10 Intriguing Micronations and Their Quirky Backstories

Published on February 22, 2024

Credit: Suhash Villuri

Micronations, pint-sized realms existing within established borders or in remote corners of the globe, are intriguing political entities that highlight the nuances of the concept of sovereignty on which modern nations are founded.

And behind each micronation, there are fascinating tales of independence, eccentric leaders, and all sorts of political pursuits. In this article, we will uncover the stories of 10 micronations that - in one way or another - tried to have an effect on the real world.


Principality of Sealand

Credit: Ashley Dace, CC BY-SA 2.0

Location: North Sea, near Suffolk, England

One of the best-known and most successful micronations, the Principality of Sealand is located in a decommissioned WWII sea fort in the North Sea waters, a few miles off the coast of England. It was established by Paddy Roy Bates in 1967, a British citizen who originally intended to use it to broadcast a pirate radio.

Instead, he declared the independence of his tiny platform and proceeded to aggressively fend off anyone who tried to approach it without his permission. The controversial journey of the self-declared Principality is almost beyond belief, as it includes mercenary attacks, hostage crises, and a de facto recognition by the United Kingdom.


Republic of Molossia

Credit: Kenan Sulayman

Location: Near Dayton, Nevada

In the heart of Nevada, President Kevin Baugh presides over Molossia, a micronation complete with its own constitution, currency, and an ongoing war with the former state of East Germany. According to Baugh, a technicality allows the war to keep going despite the dissolution of the GDR - you can even buy war bonds on the official website!

A teenage dream fulfilled, Baugh and his country have been featured in various media, and his eccentric enclave is a popular attraction in the area.


The Conch Republic

Credit: Jametlene Reskp

Location: Key West, Florida

This seaside micronation was born in 1982 as a humorous means of protest over various inconveniences that the Key West inhabitants faced from the federal government, particularly regarding a number of U.S. Border Patrol roadblocks that were hurting their vital tourism industry.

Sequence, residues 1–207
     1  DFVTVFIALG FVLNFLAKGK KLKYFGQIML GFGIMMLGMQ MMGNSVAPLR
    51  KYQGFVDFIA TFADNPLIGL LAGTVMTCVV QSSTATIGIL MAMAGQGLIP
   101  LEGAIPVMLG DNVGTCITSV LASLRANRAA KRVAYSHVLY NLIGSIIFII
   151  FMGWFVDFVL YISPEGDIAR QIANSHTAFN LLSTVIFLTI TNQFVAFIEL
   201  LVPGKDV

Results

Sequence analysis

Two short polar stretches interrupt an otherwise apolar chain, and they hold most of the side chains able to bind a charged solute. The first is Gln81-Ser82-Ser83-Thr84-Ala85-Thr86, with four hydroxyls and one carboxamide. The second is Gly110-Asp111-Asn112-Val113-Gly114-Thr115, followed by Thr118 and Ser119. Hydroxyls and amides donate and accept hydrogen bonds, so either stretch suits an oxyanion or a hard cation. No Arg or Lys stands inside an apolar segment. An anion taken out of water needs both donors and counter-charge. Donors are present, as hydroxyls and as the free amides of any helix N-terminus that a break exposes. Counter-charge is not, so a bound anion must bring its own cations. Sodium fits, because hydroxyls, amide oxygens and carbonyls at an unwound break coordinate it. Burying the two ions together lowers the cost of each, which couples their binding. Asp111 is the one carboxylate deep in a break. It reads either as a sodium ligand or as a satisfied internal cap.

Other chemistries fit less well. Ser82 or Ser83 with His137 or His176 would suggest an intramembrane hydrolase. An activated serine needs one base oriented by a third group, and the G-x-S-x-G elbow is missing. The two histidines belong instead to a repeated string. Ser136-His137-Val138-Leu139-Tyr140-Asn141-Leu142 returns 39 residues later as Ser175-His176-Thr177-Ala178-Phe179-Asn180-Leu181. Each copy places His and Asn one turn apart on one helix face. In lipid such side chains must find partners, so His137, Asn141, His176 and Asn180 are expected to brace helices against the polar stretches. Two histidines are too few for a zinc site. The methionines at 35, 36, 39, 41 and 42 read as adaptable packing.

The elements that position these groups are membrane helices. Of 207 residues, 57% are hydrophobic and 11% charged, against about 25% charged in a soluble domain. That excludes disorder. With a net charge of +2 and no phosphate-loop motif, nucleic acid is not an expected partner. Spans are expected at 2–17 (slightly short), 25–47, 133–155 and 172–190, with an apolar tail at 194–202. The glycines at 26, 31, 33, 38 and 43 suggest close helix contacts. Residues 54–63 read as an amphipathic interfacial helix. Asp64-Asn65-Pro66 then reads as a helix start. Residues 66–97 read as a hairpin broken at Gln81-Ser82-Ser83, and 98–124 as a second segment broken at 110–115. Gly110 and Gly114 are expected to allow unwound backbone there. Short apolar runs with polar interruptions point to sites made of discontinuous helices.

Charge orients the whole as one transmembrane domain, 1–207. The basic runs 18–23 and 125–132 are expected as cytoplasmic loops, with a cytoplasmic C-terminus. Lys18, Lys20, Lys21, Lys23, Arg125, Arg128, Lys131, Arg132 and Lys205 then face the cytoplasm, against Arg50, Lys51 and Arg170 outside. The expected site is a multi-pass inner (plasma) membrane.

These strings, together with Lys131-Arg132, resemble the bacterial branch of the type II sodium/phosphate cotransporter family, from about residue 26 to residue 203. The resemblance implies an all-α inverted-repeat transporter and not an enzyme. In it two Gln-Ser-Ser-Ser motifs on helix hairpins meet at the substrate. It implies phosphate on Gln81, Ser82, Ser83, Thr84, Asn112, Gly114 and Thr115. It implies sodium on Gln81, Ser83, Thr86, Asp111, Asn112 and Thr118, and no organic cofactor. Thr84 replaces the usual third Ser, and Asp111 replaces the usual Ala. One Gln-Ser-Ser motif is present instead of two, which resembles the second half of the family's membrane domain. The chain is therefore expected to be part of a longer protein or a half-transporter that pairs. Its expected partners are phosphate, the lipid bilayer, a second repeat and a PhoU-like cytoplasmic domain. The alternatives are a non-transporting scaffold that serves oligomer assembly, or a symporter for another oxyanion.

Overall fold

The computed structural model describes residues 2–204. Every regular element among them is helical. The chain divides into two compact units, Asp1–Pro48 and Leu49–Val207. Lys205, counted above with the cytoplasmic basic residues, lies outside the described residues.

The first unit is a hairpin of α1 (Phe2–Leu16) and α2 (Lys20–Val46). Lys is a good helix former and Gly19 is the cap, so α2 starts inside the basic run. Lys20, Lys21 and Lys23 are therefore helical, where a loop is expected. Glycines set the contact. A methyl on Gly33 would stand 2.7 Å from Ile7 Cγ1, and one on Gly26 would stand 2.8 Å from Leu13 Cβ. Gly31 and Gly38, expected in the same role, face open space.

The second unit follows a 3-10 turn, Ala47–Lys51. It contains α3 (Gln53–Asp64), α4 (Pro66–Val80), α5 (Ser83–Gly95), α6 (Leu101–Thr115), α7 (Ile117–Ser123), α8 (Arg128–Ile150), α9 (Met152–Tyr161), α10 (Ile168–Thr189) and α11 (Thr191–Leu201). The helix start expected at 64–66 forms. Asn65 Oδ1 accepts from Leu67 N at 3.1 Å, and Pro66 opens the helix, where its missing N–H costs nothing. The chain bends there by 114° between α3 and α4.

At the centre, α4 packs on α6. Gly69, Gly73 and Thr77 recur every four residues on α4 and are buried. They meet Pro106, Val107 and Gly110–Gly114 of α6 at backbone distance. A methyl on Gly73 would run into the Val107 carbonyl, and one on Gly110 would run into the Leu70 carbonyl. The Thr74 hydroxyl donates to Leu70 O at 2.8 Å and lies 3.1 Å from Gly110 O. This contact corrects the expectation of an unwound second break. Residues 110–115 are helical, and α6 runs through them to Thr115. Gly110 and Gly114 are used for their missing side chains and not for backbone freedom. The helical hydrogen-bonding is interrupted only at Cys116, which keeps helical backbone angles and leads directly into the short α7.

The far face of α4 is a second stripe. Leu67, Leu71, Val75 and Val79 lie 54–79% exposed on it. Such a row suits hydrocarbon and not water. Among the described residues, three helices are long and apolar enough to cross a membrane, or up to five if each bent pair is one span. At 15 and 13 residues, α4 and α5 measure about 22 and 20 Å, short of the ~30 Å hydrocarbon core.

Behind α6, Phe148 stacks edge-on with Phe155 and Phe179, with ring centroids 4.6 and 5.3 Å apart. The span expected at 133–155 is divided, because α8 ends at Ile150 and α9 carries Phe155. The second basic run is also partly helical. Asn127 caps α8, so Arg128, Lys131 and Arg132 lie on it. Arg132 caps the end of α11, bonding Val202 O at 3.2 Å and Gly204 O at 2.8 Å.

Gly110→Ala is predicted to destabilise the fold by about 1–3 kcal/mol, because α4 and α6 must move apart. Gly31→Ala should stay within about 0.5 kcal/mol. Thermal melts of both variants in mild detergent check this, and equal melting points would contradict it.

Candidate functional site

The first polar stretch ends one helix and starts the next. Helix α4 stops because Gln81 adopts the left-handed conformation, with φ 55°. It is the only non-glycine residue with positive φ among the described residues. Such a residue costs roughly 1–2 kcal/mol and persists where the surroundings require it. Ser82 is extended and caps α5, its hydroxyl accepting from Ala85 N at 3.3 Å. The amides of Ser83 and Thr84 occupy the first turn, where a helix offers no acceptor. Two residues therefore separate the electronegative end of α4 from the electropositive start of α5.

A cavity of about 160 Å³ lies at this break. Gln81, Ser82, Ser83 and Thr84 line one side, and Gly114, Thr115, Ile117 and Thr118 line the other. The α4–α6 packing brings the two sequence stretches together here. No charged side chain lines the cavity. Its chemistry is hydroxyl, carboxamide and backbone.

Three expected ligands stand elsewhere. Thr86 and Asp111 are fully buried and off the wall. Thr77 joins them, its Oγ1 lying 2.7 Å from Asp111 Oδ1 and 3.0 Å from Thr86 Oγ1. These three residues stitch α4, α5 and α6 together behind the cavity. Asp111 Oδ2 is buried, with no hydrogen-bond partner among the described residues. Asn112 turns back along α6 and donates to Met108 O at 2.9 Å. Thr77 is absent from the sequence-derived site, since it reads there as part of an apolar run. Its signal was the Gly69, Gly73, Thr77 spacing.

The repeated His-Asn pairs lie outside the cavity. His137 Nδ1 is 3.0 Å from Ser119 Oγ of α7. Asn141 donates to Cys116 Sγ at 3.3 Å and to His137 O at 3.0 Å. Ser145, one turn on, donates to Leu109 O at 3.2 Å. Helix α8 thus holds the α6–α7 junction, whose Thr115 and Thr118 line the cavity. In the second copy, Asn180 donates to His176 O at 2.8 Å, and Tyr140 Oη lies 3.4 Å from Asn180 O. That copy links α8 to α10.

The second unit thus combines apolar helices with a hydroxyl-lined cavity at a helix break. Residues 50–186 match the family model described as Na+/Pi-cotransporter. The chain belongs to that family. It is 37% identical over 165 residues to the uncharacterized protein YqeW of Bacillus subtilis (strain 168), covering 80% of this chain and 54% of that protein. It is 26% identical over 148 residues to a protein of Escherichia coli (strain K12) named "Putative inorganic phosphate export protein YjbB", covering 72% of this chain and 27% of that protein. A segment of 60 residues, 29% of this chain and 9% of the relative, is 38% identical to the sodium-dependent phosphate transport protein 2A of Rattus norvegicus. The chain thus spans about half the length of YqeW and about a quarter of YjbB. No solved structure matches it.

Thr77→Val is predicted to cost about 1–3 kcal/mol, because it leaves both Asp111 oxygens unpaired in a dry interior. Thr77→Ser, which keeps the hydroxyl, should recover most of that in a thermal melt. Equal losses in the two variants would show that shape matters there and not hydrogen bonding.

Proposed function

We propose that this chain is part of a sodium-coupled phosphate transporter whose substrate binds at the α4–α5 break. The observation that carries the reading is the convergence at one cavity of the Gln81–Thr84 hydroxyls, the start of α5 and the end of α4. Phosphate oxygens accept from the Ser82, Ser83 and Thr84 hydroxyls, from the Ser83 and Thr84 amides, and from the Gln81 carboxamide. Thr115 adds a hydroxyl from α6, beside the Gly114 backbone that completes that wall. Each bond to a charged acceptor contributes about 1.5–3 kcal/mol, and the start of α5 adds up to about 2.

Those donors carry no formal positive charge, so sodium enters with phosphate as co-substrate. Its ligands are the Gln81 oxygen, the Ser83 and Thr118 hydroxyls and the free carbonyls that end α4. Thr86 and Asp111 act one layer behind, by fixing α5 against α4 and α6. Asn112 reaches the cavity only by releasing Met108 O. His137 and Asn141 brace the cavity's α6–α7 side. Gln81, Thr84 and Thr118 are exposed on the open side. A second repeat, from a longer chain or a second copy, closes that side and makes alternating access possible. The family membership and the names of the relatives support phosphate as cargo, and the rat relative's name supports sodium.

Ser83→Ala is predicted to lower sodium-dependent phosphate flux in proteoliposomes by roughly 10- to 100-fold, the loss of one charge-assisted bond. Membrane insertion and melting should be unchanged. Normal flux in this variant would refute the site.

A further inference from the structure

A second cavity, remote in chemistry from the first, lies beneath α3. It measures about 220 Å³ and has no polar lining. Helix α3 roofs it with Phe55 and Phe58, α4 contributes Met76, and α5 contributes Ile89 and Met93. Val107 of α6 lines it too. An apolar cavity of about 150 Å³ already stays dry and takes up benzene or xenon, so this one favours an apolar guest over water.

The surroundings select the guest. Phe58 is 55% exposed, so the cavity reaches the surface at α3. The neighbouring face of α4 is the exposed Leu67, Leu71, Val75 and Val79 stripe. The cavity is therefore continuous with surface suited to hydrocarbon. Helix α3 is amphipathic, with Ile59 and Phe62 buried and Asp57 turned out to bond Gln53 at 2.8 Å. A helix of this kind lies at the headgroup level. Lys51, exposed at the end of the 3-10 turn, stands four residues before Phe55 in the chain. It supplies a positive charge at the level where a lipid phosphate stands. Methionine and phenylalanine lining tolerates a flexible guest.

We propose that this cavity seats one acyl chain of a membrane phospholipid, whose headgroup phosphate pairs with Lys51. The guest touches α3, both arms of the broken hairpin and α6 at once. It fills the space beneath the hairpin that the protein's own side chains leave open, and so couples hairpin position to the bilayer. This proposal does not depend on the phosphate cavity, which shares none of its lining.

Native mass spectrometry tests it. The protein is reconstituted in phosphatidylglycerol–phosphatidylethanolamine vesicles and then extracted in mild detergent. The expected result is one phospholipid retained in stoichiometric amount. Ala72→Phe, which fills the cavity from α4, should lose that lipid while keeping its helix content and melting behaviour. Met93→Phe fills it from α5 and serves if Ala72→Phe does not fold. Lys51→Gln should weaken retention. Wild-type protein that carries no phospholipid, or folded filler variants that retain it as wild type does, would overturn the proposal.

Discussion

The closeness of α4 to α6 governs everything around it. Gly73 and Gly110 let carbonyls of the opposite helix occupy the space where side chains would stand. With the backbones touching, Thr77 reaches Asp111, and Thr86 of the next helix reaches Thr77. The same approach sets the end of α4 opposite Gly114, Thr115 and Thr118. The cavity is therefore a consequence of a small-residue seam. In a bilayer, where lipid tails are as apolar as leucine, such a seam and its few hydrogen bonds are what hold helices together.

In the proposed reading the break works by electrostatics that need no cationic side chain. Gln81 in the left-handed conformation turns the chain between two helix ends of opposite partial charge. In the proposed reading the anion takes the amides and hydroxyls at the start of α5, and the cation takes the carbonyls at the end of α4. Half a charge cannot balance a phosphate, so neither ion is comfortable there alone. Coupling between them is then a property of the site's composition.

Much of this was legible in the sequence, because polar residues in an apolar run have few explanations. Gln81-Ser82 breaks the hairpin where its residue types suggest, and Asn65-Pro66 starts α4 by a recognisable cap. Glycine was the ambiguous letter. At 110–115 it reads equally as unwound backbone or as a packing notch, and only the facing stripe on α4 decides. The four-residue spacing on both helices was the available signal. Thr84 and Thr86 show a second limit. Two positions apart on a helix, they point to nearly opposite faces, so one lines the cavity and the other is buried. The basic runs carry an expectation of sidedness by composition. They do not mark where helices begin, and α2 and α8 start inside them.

Amazingly, the hilarious stunt worked, as the roadblock was removed afterward. However, the Conch Republic still proudly boasts its own passports and navy, while waging a cold war against the United States - all in good humor and as a way of incentivizing tourism in the area.


Free Republic of Liberland

Credit: Joachim Pressl

Location: Between Croatia and Serbia

Founded on an allegedly unclaimed stretch of the Danube River in 2015, Liberland champions the libertarian ideals of its founder, Vít Jedlička - a member of the Czech Party of Free Citizens. Jedlička dreams of creating a state that rejects traditional bureaucracy and emphasizes personal freedoms.

However, the government of Croatia is not very happy with the attempts of the purported Liberland citizens to visit their claimed territory and has frequently arrested and charged Jedlička and his collaborators for illegal border crossing.


Hutt River Principality

Credit: Chris Fithall from Ballarat, CC BY 2.0

Location: Near Northampton, Western Australia

In 1970, Australian farmer Leonard Casley declared his farm's independence due to a wheat quota dispute with the government. Originally called the Hutt River Province, Casley began styling himself as "Prince Leonard," also granting royal titles to his family members.

This micronation issued its own currency, stamps, and passports, and with an area of 29 sq mi, the claimed territory was indeed larger than many recognized countries. The site was a popular tourist attraction, but in 2020 the Principality was dissolved due to unresolved tax disputes with the Australian government.


Aerican Empire

Credit: Ahmed Zayan

Location: The Internet and Montreal, Canada

Existing primarily in the digital realm, the Aerican Empire boasts territory on Earth, Mars, and various imaginary planets. Its creative and lighthearted approach to micronationalism—its national motto is "The world is ridiculous; let’s keep it that way" and its flag is adorned by a smiley face—has attracted attention from journalists and aspiring citizens from all over the world.